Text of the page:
The judge in the case spent the day setting the parameters for the rest of the trial before adjourning it until Dec. 2.
As the hearing proceeded, a statement issued on behalf of Niall Connolly, James Monaghan and Martin McAuley asserted their collective innocence.
“We visited Colombia to get to know the people, the natural beauty and the peace process,” the three said in a statement distributed to reporters by their spokeswoman. “We firmly support the Irish peace process and we hope to see a reengagement by all sides in the peace process in Colombia.
“In view of the fact that many of the allegations against us so far are unsubstantiated allegations, speculation, and in many instances pure fantasy, we now want to hear and see the evidence against us and we want to exercise the right to challenge the reliability of this evidence through our lawyers.”
Further along in their statement, the three men blamed political pressure from the United States and the Colombian government for their continued incarceration.
Colombian Judge Jairo Acosta said during the proceedings on Wednesday, Oct. 16, that “this trial will not effected by outside political pressure.” He said he would allow former “guerillas,” possibly from the IRA or Sinn Fein, to be called as witnesses for the prosecution.
The defense said it would have witnesses testify to what was “psychologically behind” the reasons the three men entered the country in the summer of 2001.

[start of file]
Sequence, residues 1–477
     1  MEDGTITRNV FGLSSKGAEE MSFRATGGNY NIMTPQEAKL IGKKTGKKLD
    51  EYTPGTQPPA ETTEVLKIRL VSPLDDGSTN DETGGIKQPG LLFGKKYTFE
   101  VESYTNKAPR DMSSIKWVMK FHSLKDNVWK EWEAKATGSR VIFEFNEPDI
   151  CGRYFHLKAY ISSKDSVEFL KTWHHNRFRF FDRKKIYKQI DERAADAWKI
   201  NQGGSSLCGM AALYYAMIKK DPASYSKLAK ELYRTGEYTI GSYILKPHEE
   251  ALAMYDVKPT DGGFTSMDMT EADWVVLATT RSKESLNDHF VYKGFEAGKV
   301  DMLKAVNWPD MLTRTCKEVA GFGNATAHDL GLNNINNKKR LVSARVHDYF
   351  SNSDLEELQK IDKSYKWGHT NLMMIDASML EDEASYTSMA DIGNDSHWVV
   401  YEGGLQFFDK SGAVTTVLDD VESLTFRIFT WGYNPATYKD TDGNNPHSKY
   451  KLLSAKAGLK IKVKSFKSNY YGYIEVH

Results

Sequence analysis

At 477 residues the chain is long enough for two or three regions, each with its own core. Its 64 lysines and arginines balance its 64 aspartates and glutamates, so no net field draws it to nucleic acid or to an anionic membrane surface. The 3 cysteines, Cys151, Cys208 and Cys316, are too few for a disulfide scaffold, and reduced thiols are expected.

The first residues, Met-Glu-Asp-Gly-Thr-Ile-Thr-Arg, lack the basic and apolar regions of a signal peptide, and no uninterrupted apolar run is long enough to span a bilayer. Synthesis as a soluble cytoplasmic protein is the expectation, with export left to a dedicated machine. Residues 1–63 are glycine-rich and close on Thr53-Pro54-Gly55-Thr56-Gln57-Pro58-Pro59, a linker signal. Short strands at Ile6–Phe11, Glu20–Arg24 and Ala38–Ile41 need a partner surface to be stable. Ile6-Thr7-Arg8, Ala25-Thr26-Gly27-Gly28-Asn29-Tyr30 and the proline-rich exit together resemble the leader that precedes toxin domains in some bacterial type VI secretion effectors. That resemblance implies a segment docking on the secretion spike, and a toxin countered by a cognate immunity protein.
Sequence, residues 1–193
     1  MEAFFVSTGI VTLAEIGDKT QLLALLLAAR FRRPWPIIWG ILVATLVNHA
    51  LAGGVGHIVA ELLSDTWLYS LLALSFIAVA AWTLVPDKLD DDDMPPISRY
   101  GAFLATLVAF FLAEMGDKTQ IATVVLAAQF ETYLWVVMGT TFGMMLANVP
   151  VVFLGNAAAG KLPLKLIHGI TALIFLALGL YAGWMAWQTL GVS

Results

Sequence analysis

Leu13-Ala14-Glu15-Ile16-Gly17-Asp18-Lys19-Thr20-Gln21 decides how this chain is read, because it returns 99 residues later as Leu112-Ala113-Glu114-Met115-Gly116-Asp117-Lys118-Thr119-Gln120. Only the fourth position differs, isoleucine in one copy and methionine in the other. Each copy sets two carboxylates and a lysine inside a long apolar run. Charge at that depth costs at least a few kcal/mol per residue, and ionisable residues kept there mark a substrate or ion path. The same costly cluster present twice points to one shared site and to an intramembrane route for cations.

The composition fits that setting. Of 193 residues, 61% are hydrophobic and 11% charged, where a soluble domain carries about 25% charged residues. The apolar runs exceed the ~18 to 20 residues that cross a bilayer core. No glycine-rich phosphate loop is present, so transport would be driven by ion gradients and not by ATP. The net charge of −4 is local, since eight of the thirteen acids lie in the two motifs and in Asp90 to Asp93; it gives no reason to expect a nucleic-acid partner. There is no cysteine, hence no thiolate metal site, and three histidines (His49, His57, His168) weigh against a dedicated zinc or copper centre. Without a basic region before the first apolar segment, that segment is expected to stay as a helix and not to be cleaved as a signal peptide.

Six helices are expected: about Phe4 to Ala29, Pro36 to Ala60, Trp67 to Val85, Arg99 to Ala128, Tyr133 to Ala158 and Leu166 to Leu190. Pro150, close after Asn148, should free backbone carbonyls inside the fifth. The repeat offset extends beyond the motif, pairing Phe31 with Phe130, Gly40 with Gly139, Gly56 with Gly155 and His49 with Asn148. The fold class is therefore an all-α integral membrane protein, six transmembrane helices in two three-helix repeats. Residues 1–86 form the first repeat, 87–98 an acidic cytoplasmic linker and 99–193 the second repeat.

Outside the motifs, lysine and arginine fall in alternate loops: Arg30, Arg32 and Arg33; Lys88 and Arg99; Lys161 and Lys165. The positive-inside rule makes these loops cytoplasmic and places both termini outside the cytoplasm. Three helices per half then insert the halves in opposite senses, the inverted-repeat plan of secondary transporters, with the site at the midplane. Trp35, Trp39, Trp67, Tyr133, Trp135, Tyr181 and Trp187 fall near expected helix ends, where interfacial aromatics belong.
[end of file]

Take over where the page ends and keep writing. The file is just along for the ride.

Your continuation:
Outside the courthouse entrance, two dozen protesters carried the same signs they carried the week before when the trio were scheduled to have their first session before the judge. On that day, the men refused to leave their cells, a protest that resulted in a continuance until last week’s session.
“IRA go home and kill your own people” and “Ireland: Keep your terrorists at home” were on the signs carried by people who said they had lost loved ones to terrorist activity.
One major plank that the legal team for the three men have played up since the trio was nabbed at Bogota Airport in August 2001 was the shakiness of the forensic evidence against them. According to the defense lawyers, Colombian officials contacted the U.S. Embassy for assistance in conducting tests for explosive residue after the three emerged from the FARC rebel held territory. The lawyers have said the tests conducted by the Colombian police were negative for explosive residues, but the U.S. test showed positive.
The defense attorneys have questioned the propriety of U.S. military or law enforcement agencies conducting such tests in a foreign country.
It has now been revealed that it was neither U.S. military personnel or the FBI who conducted the tests. According to a senior U.S. official, the tests were conducted by the U.S. State Department’s Bureau of Diplomatic Security.
“These are the guys with the most cutting-edge equipment. They are recognized around the world because of the constant threat with explosives against U.S. diplomats abroad; these guys know their stuff,” the official said.
The official also said the test by the Colombian authorities was based on a “tape lift” off the men’s clothing versus the U.S. test that utilized highly sensitive machinery.
“It’s like comparing the Model-T’s ability to a Porsche Carrera 4,” the official added.